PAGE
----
What did you tweet and who retweeted it? Text mining to understand the dynamics of communicating innovation
- Lehrstuhl für Marketing
- Bachelor; Master
Every minute, every hour and every day, vast amounts of text are produced worldwide. Tweets via Twitter, meeting minutes from the last conference, reviews on Amazon or the latest New York Times article - all this text data can provide valuable information for science and industry. For this reason, research and industrial companies are increasingly recognising the potential that lies in the large amounts of text data.
This text data, can also be used for scientific questions in consumer and innovation research and can be used as a starting point for further quantitative analyses. Interesting questions about how society deals with new technologies or about corporate strategies in the public communication of innovative products can be examined in new ways through the analysis of textual data.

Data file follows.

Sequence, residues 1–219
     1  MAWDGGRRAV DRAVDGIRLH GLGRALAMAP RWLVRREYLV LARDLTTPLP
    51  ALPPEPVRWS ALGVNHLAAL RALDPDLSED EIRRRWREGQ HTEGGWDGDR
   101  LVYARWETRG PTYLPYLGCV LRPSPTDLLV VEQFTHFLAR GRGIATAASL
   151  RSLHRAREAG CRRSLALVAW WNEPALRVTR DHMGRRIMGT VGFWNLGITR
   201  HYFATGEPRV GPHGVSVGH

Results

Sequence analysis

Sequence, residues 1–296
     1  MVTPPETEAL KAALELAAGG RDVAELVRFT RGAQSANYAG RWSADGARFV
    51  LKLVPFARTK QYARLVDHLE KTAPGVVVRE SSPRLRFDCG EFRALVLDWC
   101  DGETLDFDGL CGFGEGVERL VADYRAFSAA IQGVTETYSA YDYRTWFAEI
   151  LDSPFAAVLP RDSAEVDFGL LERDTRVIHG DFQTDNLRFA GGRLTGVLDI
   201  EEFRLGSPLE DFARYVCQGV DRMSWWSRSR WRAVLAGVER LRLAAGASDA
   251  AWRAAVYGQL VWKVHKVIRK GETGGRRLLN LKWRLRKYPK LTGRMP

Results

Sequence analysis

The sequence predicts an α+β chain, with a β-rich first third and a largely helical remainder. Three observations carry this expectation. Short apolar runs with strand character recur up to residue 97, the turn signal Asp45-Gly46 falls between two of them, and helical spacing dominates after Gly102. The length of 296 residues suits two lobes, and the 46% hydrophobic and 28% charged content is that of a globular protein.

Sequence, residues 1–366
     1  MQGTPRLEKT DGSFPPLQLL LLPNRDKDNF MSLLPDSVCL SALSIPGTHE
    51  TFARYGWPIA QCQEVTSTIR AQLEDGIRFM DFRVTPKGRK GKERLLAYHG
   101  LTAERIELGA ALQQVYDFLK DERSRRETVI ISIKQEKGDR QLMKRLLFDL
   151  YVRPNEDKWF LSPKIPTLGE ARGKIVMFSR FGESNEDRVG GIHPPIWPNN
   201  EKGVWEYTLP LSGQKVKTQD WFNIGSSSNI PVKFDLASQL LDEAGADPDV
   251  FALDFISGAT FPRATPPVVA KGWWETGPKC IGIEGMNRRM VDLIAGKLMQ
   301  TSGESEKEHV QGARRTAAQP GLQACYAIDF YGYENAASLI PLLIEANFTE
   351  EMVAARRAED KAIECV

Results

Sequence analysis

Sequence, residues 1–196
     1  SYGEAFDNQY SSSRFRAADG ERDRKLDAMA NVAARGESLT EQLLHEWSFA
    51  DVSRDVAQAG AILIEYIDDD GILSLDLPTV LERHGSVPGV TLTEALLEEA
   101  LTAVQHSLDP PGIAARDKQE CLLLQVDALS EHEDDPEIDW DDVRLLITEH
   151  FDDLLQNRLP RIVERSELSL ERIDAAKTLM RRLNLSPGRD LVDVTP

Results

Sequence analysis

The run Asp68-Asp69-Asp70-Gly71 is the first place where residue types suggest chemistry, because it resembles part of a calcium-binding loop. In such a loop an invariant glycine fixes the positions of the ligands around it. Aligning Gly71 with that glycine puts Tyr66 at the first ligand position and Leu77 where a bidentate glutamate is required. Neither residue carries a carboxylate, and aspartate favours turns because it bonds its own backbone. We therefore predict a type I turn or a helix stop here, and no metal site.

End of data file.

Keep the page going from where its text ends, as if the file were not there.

Your work will deal with the empirical investigation of socio-political questions (e.g. climate change and the morality of genetic engineering) using methods of automated text analysis. To do this, you will prepare a data set consisting of tweets or newspaper articles and then evaluate it using the latest methods of quantitative text analysis. You can work with Python or R and depending on your level of experience, different depths of analysis are possible. Initial knowledge of tidytext/ text2vec/ pandas is beneficial, but not essential.
If you are interested in applying this methodology to socio-political issues, please send your CV and a letter of motivation to firstname.lastname@example.org.
Keywords: Text mining; machine learning; text analytics; innovation research; legitimation